Anthony Bourdain, the celebrity chef and citizen of the world who inspired millions to share his delight in food and the bonds it created, was found dead in his hotel room Friday in France while working on his CNN series on culinary traditions. He was 61.
CNN confirmed the death, saying that Bourdain was found unresponsive Friday morning by friend and chef Eric Ripert, and the company called the death a suicide.
A prosecutor in eastern France said Bourdain apparently hanged himself in a luxury hotel in the ancient village of Kaysersberg on the Alsatian wine route.
French media quoted Colmar prosecutor Christian de Rocquigny du Fayel as saying that “at this stage” nothing suggests that another person was involved. However, investigators were verifying the circumstances of Bourdain’s death.
Bourdain’s “Parts Unknown” seemed like an odd choice for CNN when it started in 2013 — part travelogue, part history lesson, part love letter to exotic foods. Each trip was an adventure. There had been nothing quite like it on the staid news network, and it became an immediate hit.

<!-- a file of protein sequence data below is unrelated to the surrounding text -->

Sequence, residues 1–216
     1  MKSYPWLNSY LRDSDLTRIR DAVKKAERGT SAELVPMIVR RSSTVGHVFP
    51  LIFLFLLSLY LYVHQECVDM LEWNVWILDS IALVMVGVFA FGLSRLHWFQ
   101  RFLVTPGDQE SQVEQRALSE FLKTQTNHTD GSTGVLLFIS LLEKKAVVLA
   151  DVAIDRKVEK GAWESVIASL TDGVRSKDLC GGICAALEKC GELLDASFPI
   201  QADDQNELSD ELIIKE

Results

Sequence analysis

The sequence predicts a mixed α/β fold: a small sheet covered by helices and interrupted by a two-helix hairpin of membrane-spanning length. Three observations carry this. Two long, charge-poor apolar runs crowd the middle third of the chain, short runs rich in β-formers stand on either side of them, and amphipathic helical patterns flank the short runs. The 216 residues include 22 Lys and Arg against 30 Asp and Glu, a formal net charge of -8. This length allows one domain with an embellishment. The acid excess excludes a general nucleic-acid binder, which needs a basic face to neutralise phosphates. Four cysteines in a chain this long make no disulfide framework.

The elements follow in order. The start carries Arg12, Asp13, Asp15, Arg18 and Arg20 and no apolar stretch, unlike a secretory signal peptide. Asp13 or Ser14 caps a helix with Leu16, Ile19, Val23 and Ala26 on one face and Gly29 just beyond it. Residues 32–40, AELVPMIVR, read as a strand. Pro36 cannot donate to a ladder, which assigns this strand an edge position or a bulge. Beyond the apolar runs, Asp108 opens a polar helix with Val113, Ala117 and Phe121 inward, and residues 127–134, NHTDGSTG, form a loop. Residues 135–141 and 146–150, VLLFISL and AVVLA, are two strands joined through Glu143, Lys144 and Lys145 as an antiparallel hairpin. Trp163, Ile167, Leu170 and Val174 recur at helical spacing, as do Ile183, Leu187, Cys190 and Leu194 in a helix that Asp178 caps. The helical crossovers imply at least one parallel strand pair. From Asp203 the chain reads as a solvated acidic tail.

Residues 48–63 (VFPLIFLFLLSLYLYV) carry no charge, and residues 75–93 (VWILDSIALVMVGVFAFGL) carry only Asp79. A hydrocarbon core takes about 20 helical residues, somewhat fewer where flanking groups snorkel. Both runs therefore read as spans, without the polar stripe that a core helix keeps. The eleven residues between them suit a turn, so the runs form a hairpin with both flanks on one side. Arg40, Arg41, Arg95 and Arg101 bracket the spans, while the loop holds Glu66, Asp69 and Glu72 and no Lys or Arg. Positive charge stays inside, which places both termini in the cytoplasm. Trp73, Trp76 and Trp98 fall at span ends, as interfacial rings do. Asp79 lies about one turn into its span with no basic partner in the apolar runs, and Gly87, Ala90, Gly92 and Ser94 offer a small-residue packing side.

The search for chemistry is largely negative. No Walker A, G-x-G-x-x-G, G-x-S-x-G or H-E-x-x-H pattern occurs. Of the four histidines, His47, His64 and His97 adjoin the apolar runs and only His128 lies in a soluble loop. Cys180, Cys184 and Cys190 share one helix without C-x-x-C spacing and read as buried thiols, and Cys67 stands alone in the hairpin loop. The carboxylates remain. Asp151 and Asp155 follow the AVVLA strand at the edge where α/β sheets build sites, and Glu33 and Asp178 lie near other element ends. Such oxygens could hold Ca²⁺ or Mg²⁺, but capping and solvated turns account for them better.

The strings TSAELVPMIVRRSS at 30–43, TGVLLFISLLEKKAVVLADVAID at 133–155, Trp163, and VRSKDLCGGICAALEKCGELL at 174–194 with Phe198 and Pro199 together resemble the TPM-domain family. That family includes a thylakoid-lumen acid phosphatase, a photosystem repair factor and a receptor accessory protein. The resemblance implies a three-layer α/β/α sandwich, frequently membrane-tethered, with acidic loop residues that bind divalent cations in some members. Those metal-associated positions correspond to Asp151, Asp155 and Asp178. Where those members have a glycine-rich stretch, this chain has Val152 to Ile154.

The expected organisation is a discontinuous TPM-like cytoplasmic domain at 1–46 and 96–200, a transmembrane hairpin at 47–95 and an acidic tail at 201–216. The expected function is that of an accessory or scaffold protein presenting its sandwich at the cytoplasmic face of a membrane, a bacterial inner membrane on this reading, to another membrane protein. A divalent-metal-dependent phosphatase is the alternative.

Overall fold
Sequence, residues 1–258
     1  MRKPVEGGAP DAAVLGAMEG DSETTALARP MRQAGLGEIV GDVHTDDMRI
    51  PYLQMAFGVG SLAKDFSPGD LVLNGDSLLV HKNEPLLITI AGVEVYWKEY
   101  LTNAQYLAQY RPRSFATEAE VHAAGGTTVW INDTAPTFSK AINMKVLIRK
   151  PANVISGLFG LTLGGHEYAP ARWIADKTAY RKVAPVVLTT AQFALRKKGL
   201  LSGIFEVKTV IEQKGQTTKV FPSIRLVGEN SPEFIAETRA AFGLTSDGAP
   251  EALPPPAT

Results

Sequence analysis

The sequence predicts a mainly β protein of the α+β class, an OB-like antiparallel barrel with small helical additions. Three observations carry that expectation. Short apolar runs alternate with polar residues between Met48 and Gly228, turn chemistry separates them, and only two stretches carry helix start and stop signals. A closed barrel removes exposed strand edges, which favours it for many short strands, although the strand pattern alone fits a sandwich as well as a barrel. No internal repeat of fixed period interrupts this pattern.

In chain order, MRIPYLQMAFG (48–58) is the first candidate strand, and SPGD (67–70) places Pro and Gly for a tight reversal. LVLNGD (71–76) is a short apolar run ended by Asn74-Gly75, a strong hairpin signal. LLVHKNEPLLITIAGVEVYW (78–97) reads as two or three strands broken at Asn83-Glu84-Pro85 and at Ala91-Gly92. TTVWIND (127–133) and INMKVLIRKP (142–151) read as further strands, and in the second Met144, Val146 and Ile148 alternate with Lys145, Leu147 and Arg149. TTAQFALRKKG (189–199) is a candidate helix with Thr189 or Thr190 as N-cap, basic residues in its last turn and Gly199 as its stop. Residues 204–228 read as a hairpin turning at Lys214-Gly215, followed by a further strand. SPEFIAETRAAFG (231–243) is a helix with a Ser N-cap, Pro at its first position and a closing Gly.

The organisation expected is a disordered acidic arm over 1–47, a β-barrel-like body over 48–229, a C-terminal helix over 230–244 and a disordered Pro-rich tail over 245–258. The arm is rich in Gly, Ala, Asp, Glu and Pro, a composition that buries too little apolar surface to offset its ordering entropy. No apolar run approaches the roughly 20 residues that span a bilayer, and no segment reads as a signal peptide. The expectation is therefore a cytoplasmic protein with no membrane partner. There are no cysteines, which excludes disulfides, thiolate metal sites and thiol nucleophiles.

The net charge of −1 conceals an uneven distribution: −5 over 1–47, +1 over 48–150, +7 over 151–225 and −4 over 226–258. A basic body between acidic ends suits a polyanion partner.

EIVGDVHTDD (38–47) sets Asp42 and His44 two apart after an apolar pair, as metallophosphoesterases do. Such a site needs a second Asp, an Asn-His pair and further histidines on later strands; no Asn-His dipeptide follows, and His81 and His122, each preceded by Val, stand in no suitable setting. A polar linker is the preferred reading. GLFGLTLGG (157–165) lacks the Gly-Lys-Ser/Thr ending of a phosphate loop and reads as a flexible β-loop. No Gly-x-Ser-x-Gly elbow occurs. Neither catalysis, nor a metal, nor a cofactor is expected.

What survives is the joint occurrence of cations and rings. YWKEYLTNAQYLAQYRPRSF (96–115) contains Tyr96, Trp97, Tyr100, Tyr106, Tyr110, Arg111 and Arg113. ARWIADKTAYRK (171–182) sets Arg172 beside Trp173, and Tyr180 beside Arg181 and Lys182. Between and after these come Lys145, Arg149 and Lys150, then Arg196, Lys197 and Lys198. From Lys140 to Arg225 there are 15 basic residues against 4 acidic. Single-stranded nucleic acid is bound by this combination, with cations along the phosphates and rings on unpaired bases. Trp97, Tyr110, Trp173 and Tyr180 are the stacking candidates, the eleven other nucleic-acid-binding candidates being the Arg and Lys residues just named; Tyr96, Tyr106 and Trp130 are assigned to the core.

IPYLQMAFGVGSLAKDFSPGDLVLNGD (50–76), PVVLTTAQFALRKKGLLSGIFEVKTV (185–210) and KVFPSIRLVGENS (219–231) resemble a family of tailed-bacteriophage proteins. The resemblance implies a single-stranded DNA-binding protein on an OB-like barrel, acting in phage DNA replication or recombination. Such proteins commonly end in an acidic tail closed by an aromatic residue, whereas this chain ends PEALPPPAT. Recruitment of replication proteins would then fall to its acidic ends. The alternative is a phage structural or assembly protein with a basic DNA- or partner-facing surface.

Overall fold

Within hours of his death, “Kitchen Confidential” was in the top 20 on Amazon.com.
Bourdain’s breakthrough as an author came with the 2000 publication of his “Kitchen Confidential: Adventures in the Culinary Underbelly.” The book created a sensation by combining frank details of his life and career with behind-the-scenes observations on the culinary industry.
As president, Barack Obama sat down for some bun cha in Hanoi, Vietnam, with Bourdain in an episode of “Parts Unknown” in 2016.
On Friday, he shared a photo of the interaction on Twitter: “‘Low plastic stool, cheap but delicious noodles, cold Hanoi beer.’ This is how I’ll remember Tony. He taught us about food — but more importantly, about its ability to bring us together. To make us a little less afraid of the unknown. We’ll miss him.”